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We’re really glad you asked Juanita, helping people in need has been at the core of the Kellogg Company since W.K. Kellogg made the first corn flake. We support lots of different initiatives through the W.K Kellogg Foundation, and we also have a global hunger relief programme that has provided one billion servings of cereal and snacks to children and families in need since 2013.
In Australia, we have already donated over 17 million serves of cereal to Foodbank, schools and charities since 2013. Our Breakfast Buddies program, which supplies schools, school centres, outback and indigenous communities, sporting clubs, child and learning forums, and other community groups with Kellogg’s cereals, helps prevent children from starting the day hungry. To find out more about Breakfast Buddies, visit here.
Hey Andrew, thanks for your question. The plastic bags or liners as we call them are made from HDPE (High Density Polyethylene), which is not readily recycled in the yellow council bins.
But there is a solution! You can take the liners (and any other soft plastics you have) to your local supermarkets who have REDcycle bins. REDCycle then transforms these plastics into useful items such as plastic furniture and playground equipment, which helps to reduce the amount of HDPE plastics from going to landfills.
Read more about RedCycle here: http://www.openforbreakfast.com.au/en_AU/sustainability/REDcycle.html
Taking care of the planet is very important to us Aurora. Last year Kellogg’s released its global sustainability goals for 2020 and work has already been done on introducing measures that will see us further reduce energy and water use across our business, achieve 100% certified sustainable packaging, send zero waste to landfill and responsibly source our ten priority ingredients - which are corn, wheat, rice, potatoes, cocoa, sugar beets, sugar cane, palm oil, fruits and vanilla.
Here on home soil, we have been working to reduce the footprint of the business. We are already diverting 95% of waste from landfill, as well as implementing water and energy-saving projects in our factory.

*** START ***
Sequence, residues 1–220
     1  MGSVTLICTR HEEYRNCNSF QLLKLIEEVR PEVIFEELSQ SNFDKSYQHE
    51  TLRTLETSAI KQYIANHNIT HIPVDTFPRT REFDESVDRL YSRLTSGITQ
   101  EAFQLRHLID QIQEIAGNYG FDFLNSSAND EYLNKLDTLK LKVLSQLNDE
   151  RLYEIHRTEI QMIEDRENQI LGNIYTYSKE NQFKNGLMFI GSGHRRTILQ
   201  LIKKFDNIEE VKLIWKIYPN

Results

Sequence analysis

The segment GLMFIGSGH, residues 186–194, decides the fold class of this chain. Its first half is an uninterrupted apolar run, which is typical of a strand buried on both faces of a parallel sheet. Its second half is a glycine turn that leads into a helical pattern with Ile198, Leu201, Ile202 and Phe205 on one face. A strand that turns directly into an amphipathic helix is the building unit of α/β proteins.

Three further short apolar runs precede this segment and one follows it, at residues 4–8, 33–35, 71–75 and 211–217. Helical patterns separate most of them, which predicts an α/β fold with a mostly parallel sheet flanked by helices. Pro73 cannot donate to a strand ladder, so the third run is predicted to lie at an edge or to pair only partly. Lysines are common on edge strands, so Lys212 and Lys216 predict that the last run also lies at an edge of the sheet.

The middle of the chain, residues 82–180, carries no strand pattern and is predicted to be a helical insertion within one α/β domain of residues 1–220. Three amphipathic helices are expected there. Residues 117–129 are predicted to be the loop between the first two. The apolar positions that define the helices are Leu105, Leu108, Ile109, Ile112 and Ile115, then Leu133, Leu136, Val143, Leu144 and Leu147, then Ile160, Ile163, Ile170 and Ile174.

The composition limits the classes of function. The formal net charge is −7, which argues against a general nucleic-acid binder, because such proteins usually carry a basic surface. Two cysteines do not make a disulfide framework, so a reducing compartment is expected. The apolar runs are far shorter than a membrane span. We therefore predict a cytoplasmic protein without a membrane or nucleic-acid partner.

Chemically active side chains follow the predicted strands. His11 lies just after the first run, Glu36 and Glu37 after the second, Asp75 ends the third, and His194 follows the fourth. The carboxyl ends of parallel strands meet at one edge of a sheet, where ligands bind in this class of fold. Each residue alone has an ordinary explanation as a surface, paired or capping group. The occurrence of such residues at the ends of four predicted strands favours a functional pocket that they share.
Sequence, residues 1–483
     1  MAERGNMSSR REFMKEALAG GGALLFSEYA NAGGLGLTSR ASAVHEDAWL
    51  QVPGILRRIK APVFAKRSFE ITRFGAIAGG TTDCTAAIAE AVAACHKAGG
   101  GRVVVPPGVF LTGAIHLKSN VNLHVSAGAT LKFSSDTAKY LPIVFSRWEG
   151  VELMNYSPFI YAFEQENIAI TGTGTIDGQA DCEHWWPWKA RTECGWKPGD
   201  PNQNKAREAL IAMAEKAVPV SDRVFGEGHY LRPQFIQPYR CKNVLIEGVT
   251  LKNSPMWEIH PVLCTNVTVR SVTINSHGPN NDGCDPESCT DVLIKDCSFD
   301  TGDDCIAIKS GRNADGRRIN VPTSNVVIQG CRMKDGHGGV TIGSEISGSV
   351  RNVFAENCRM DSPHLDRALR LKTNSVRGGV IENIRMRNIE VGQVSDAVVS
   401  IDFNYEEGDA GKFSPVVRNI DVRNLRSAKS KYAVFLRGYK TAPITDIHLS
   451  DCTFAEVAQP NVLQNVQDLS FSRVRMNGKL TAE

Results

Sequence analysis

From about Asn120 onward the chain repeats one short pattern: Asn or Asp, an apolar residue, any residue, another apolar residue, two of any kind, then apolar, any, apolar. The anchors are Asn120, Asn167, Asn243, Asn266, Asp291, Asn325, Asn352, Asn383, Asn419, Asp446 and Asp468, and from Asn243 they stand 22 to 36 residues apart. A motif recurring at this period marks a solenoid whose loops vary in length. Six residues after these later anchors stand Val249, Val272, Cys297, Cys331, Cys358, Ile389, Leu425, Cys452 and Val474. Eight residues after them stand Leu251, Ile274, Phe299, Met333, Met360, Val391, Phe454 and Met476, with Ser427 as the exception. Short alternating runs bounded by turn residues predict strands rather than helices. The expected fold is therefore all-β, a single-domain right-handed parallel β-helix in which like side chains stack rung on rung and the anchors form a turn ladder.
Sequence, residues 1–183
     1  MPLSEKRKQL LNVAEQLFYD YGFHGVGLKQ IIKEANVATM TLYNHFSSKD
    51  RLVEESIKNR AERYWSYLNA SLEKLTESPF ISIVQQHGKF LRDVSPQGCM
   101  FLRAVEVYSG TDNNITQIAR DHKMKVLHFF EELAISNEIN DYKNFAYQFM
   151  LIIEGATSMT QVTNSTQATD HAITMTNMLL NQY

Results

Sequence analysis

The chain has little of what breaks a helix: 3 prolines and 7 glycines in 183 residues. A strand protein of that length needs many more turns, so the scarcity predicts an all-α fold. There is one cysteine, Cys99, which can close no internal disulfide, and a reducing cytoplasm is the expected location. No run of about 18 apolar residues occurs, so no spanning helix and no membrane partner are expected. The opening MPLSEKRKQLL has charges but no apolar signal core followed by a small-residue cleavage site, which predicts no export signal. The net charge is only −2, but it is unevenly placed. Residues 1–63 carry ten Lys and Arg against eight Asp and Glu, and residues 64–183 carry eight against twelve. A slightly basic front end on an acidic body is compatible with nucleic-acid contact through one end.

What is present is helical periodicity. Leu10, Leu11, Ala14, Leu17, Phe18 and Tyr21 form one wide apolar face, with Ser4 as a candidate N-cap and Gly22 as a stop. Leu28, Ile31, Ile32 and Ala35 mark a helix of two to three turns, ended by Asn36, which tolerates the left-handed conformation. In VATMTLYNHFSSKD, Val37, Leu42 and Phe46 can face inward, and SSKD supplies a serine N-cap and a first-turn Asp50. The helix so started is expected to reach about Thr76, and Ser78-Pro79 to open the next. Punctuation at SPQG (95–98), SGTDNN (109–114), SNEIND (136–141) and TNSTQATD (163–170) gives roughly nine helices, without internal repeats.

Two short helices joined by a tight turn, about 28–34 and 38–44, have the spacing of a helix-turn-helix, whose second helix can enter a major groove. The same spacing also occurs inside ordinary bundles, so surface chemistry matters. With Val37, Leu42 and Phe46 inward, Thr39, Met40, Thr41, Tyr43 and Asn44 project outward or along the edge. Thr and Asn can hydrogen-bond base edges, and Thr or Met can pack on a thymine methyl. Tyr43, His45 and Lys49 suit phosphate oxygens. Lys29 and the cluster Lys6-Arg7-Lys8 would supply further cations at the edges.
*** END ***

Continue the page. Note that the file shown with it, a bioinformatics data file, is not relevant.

Hi Rhonda, although we are a very small user of palm oil, we’ve been committed to responsibly sourcing palm oil since 2009. All of the palm oil that is used in our products is sourced from a combination of the Roundtable of Sustainable Palm Oil (RSPO) Certified Segregated supply chain, RSPO Mass Balance mixed-source supply and the purchase of Green Palm certificates.
We’re always working with our global suppliers to source fully traceable palm oil from certified sources that are economically, socially and environmentally responsible. Our suppliers have to adhere to a strict set of criteria that ensures forest and peat lands, and human rights are all protected.
As part of our overall climate commitments, Kellogg is committed to achieving zero net deforestation by 2020 in high-risk supply chains including soy, palm oil, timber, fiber and soy.
Hi There – thanks for asking a great question! There are a few ways we make sure our donations go to those children that need it most:
1. Our Breakfast Buddies programs invites schools, clubs and community groups representing kids in need to apply directly to Kellogg’s for donations to their breakfast clubs – we then assess these applications and supply donations based on the needs of that particular group
We work closely with Foodbank Australia, Australia’s largest hunger relief organisation. Foodbank allows us to donate directly to those most in need by collecting our donations and delivering them to warehouses around Australia, where charities and schools can collect what the need and distribute it to children and families in need as prepared meals, food hampers and emergency parcels. You can learn more about which charities benefit from these donations on their website: http://www.foodbank.org.au/hunger-in-australia/real-stories/.
Hi Liss. Breakfast is an important meal of the day. Kids who skip breakfast find it hard to make up for those lost nutrients and may find they lack the energy to perform certain tasks effectively in the class room.
In fact, children who have breakfast get better cognitive and behavioural scores than kids that don't. What’s more, we know that it’s the kids that eat breakfast cereal who have better nutrient intakes across the day, are more likely to meet their nutrient requirements and are less likely to be overweight.
All in all, there are plenty of reasons for kids to grab a quick bowl of cereal for brekkie.